The Port of Broome will be open to cruise ships around the clock in time for the start of the cruise ship season in mid-October, with dredging underway this week.

The $15.3 million channel optimisation program will allow 24-hour access for cruise ships, which currently need to berth at irregular hours due to navigational hazards.

Dredging is expected to run for two weeks, and will have minimal environmental impacts.

The McGowan Government’s commitment to fix Broome Port prompted Carnival Australia to re-commit to homeporting the Sun Princess superliner in Fremantle for the 2019-20 cruise season.

The Sun Princess arrives in Fremantle on November 1 this year, carrying 2,000 guests and will homeport for a record 141 days.

The dredging equipment this week completed the final stage of the Channel Risk and Optimisation Project (CROP) at the Port of Port Hedland.

The CROP improves trade capacity by increasing channel depth and extending sailing windows, allowing port users to optimise tonnage on their vessels.

Coordination between Pilbara Ports Authority and Kimberley Ports Authority has reduced overall project costs for the Broome project, with the cutter suction dredge starting its journey in Port Hedland rather than from outside Australia.

Comments attributed to Ports Minister Alannah MacTiernan:

“Broome is one of Western Australia’s top destinations, but challenging tidal conditions and the rock mass in the entry channel have made it difficult for cruise ships to access the port at all tides.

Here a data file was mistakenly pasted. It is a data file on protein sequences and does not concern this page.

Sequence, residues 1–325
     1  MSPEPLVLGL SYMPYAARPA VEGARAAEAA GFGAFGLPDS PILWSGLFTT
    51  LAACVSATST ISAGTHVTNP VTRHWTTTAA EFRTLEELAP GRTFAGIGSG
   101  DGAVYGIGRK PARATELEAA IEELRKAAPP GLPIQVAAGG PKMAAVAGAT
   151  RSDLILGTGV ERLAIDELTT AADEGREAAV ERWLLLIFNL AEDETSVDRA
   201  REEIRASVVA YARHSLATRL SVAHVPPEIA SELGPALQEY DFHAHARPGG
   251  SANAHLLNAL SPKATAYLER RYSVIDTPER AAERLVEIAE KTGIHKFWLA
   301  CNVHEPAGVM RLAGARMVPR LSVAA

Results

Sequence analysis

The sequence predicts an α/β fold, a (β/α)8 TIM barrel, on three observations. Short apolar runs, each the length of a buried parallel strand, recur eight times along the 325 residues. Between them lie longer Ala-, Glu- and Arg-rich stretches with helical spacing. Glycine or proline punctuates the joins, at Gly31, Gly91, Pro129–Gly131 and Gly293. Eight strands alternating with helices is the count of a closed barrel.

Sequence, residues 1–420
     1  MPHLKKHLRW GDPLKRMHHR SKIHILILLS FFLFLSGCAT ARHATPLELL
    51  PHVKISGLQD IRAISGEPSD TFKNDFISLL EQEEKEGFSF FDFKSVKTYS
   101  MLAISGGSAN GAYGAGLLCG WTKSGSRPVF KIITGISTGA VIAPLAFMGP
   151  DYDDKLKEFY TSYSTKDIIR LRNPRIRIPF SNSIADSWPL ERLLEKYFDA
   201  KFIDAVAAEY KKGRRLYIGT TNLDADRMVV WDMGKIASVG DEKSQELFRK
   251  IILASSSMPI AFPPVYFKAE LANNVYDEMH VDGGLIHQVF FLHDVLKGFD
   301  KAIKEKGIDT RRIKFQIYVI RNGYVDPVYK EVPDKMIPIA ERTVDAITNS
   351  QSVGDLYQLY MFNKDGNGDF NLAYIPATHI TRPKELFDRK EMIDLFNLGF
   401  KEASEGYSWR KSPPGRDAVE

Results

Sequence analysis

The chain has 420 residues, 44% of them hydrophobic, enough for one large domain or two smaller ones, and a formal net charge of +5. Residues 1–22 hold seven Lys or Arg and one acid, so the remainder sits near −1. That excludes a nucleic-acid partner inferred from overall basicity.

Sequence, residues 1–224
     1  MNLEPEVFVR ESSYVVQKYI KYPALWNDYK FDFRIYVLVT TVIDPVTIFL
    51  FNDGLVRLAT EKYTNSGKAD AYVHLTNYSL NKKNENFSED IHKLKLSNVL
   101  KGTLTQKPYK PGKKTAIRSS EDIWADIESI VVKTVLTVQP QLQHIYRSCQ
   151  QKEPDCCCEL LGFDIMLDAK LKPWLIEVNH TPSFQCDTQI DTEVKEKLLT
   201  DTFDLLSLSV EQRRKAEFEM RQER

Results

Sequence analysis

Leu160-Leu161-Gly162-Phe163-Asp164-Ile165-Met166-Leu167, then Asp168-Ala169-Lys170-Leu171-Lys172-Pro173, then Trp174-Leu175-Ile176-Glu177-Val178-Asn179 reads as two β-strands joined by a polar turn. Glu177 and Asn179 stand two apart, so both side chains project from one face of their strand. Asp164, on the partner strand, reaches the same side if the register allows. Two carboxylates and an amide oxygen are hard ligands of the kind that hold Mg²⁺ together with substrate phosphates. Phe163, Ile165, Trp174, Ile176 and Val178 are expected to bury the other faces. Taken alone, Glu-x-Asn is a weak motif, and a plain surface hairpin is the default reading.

“We want to make sure Broome is open for this lucrative business at all times and tides: providing benefit for retail and tourism businesses in the region.

“Dredging will finish in time for the arrival of the first cruise ship in mid-October.

“As a bonus, the dredging equipment was sent to the Port of Broome directly after the completing work at Port Hedland, significantly reducing mobilisation costs.”

Comments attributed to Tourism Minister Paul Papalia:

“The lack of 24-hour port access for larger cruise ships has long hamstrung the amazing potential for cruise tourism in Broome.

“Without this barrier, major cruise lines can spend longer in port and guests can enjoy more time ashore discovering the region’s many attractions including ancient dinosaur footprints, sunset camel rides and indigenous cultural experiences.

“It’s this increased time ashore that will be a real game-changer for the local tourism industry as cruise ship guests spend their money supporting local businesses from restaurants to tour operators.

“I congratulate all involved in reaching this major milestone and look forward to welcoming the first of the many larger cruise ships to arrive in Broome during the 2019-20 cruise ship season.”